The Abridged Memoirs of a Custodian
by Ashley Michael Karitis
Clyde was, in what might be considered, the loneliest of professions.
Each afternoon, he would arrive at the empty aisles of St. Jean’s Parish to tend to the multitude of custodial sins: cobwebs in the gothic arches, splatters on the stained glass (portraying the station of the cross), picking out lint in the oak and maple pews, and vacuuming the animal cracker crumbs left over from the little ones whose parents tried keeping them occupied with said simple carbohydrates.
Lonely these days may have seemed, but lonely, he was not. Clyde was privy to moments that were important enough to call on those far and wide—friends and family, and even those who would need to forgive each other in order to come together for such special gathering.
In his thirty-seven years as a custodian, Clyde had attended more weddings, funerals, christenings, and masses than all of the priests combined who had rotated in and out over the years.
Special, these moments and gatherings were, but Clyde was still not part of them. He was only an observer, sometimes unwelcome, on the fray, and always behind the scenes. Nobody really wanted to see a spotted-faced, balding man in coveralls on their wedding day. Yet, he was the unseen enabler, for one flick of a switch and the christening of Patrick Joseph or The March of the Brides would come to a crashing halt.
Clyde could recount every type of wedding you could possibly have under the roof of God’s House: painfully planned nuptials to ensure family legacies; unions to provide for an unexpected baby bump; marriages that had taken place during custodial hours, out of sight of forbidding parents. He had seen groom and bride spat with each other as though they were in a presidential debate, sometimes ending with a slap in the face and a “Why didn’t you tell me!?” Never assuming, Clyde dutifully clean up the flower petals, rice, and extra paper programs.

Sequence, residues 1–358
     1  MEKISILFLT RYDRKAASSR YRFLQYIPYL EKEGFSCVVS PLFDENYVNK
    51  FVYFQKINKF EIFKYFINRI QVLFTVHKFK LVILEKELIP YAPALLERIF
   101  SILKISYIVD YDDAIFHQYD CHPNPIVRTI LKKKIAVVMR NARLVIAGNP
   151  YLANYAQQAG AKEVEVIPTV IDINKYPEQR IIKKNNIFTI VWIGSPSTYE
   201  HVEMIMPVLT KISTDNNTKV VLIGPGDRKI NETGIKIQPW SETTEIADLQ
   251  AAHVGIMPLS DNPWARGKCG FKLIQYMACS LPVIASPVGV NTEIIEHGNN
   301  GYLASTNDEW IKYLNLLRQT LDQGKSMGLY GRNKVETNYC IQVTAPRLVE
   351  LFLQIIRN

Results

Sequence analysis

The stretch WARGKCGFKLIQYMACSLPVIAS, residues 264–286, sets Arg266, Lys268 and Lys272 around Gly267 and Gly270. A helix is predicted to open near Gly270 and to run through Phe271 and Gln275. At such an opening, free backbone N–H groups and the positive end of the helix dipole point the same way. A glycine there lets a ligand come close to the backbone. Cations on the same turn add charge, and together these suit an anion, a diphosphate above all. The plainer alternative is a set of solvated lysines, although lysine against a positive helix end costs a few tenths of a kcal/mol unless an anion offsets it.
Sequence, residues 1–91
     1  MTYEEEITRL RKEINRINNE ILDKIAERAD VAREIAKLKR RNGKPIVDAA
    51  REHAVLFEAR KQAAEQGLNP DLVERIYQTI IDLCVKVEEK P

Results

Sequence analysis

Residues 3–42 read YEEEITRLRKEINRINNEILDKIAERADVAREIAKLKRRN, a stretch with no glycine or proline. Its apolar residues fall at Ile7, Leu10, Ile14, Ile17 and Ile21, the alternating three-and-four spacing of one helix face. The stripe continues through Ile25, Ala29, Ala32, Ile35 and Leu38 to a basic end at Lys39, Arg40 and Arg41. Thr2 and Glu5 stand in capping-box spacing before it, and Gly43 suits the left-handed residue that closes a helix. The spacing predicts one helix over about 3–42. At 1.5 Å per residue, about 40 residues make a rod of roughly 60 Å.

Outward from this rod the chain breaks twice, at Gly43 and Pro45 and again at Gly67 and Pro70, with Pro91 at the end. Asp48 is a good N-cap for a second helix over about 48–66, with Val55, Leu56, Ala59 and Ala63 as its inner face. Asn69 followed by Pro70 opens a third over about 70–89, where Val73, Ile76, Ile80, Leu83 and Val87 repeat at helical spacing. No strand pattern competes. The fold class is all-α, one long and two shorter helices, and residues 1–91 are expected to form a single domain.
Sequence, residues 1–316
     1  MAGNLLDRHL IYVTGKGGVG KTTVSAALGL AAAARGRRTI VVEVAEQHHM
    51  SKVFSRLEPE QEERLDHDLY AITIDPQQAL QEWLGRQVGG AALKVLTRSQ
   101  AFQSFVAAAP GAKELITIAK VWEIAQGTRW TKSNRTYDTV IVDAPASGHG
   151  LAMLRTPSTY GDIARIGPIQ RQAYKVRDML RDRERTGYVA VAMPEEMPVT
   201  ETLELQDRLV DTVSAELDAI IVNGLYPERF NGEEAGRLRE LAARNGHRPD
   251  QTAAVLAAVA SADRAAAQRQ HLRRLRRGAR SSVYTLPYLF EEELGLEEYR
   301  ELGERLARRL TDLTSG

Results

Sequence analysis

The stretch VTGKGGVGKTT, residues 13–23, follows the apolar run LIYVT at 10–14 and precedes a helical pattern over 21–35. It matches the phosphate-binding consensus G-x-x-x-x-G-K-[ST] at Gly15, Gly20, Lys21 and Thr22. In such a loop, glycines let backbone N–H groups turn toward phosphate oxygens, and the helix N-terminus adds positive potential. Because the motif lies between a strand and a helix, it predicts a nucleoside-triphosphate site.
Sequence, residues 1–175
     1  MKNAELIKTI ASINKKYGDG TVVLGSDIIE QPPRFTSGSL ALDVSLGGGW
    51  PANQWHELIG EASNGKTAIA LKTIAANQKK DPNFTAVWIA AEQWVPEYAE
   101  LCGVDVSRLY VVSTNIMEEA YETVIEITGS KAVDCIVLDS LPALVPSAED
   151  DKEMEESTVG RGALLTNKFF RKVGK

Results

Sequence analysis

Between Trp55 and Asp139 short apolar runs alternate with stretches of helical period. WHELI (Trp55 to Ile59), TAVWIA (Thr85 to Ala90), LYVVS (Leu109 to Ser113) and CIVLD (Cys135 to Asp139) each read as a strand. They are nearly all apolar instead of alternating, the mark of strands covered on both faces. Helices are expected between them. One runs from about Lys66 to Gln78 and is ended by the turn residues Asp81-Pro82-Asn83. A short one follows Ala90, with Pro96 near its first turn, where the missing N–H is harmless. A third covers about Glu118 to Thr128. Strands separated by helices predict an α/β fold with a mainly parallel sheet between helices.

Usually, the tense, happy, or excited couples would return to the parish with a new babe to be doused with holy water, draped in a stale lacey gown. Clyde would set up the bath and rearrange the potted seasonal flowers—just so the mothers would feel extra special—and afterward he would mop up the excess drops of bath water that speckled the altar.
Through all these celebrations, Clyde never feared, avoided, or felt sad about the funerals that came and went every week. How could a funeral be any less important than a wedding or christening? How could he feel sad for the dead, and for those that came to celebrate and memorialize their person’s life?
For Clyde, being a custodian had been his own ritual, just as these events in St. Jean’s had been rituals. It was a ritual of living vicariously, and letting the joys and sorrows of others brim over into his world.
© 2015 Ashley Michael Karitis
Ashley was raised in Bend, OR. She is a documentary filmmaker based in Portland, OR that dabbles in travel writing. She is currently working on her first compilation of short stories.